As soon as January first rolls around, many people set New Year’s resolutions with a list of things they want to accomplish in the new year. However, just as these goals are set, there also needs to be a plan on how to stick to them and to be sure they’ll be productive. Read on to learn how to set productive goals that you can stick to for the new year and well beyond.
Choosing the Right New Year’s Goals
Goals should be practical, achievable and something you can maintain for weeks, months and years to come. So how do you choose the right goal?
1. Start by writing down the goals you want to accomplish in the new year. Put them somewhere you will constantly see them: on a refrigerator, at your desk, taped on a mirror or door, etc.
2. Look at different areas of your life and identify goals you want to have. Do you want to find a new job? Then create a work goal. Do you want to start saving for retirement? Establish some financial goals. Do you want to find love? Commit yourself to signing up for dating sites or apps.
3. No matter what your goals for the new year are, they need to be realistic. Winning the lottery is not realistic, but opening up a new savings account and regularly adding to it is. Losing 30 pounds in six weeks is not realistic, but getting a gym membership and committing to attendance is attainable.
4. Every goal should be measurable in some way. Financial goals are measurable if you set a certain amount you want to save, spend or earn. Health goals can be measurable by committing to cutting your food intake or going to the gym.
Choosing the right goals will not only help you come out of the gate feeling confident and energized in the new year but will help make the process all the more enjoyable.
Stick to Your New Year’s Goals
Establishing your goals is easy, accomplishing them in the new year is something else entirely. According to John Norcross, a psychology professor at Scranton University, resolutions can take between three to six months before they begin to feel like a routine part of your life. Norcross also states that after six months, just a little more than 40 percent of people will stick to their January 1 resolutions. How can you be one of them?
Don’t let the words “New Year’s resolution” allow you to think you should start preparing on January first. Instead, start planning ahead and begin thinking about what the resolution is, how you will accomplish it and what success looks like, well before the date. Start thinking ahead of time about what goals you are likely to keep.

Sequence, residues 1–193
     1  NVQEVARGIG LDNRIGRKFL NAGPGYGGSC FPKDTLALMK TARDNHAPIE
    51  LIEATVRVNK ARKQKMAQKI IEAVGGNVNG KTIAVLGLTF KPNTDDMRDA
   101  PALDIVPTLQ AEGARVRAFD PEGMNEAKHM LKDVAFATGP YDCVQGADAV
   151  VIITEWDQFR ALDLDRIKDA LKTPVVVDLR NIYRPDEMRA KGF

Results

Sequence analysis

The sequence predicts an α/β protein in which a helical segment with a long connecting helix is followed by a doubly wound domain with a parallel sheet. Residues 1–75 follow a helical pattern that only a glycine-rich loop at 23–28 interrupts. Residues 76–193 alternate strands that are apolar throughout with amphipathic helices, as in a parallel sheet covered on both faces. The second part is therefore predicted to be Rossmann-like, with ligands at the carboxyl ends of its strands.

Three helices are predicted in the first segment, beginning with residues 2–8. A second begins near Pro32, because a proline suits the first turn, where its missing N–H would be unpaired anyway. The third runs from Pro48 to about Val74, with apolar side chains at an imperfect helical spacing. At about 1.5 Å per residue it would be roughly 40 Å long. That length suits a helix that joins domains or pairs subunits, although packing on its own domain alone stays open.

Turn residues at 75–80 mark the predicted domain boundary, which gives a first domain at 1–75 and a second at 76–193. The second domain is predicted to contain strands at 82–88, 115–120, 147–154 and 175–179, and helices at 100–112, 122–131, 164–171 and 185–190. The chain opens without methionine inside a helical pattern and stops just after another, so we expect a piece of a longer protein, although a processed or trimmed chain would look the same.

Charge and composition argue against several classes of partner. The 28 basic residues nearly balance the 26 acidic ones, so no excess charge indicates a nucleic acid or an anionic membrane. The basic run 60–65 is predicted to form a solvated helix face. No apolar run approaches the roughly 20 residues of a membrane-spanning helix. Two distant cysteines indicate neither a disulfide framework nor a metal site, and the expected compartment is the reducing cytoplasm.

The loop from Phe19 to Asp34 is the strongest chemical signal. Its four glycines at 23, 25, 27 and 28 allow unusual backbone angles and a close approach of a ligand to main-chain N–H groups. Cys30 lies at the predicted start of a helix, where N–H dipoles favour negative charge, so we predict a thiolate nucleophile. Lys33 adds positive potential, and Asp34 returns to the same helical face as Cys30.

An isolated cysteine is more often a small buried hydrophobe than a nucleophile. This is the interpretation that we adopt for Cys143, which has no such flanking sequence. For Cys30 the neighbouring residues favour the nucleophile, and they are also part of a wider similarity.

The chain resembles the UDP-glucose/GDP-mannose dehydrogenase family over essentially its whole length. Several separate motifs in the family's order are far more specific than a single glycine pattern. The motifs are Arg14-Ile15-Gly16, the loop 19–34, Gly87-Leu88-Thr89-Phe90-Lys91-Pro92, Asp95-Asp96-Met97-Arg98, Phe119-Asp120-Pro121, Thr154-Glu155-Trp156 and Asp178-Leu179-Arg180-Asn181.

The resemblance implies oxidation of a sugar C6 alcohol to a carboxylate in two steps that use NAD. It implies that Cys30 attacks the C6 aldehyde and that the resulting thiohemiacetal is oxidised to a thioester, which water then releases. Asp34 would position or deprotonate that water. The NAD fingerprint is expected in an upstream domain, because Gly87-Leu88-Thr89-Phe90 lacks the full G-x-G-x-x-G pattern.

Phrase It Right
This may sound silly to some, but how your goal is framed in your mind can make a big difference in it being a productive goal. A Stockholm and Linkoping University study analyzed resolutions by 1,066 people. What they found was that New Year’s goals were likely to be less successful based on on how the goal was phrased, as well as how much support someone was received. In this instance, saying “I will go to the gym more” was more likely to be accomplished than someone who said “I will quit sweets.” A most positive take would be to say, “I will eat fruit during the day.”
Limit Your Resolutions
One of the best steps to ensure you stick to a New Year’s goal is to only choose one or two at a time. There very well may be a laundry list of things you would like to accomplish in the new year. The reality is that you very likely can only focus on one or two of them and be successful. Healthy habits and behavior take time to become a normal part of your life as noted by John Norcross above. By keeping the focus on a limited list of goals, you are far more likely to find success.
Reduce Environmental Triggers
If your goal is to lose weight or give up sweets, then your environment needs to change. This could mean it’s time to throw out all of the sweets in your kitchen or give up that piece of chocolate after dinner every night. By identifying the places you are most likely to allow your bad habits to take over, you can work to remove any of the triggers that may cause you to backslide. Remove sweets and put fruit on the kitchen counter. You will be more likely to choose them instead of the sweets.
Don’t Stop If You Slip
Goals can be hard and are often meant to be. The last thing you want to do is be too hard on yourself if you slip, as it’s perfectly normal. You can’t expect yourself to go cold turkey on sweets January first without having an urge every now and then. Go ahead and treat yourself one night. Similarly, if one week you have extra work or don’t feel well, don’t worry about not going to the gym. Your body and mind need to rest and recharge sometimes. When these instances happen and they will, get right back into it and keep pushing forward.
If all these tips are too difficiult to remember, then keep a familiar acronym in mind. SMART: Specific, Measurable, Achievable, Relevant, Time-bound. It wraps up many of the above tips, and adhering to this will help you firmly establish a desired goal and outcome.
New Year’s goals and others can be hard to attain. They are not supposed to be easy. Changing habits and behavior is not now and has never been something you can achieve overnight, but they can make you more productive in your personal and professional lives. Read on to learn what to do once you accomplish your goals.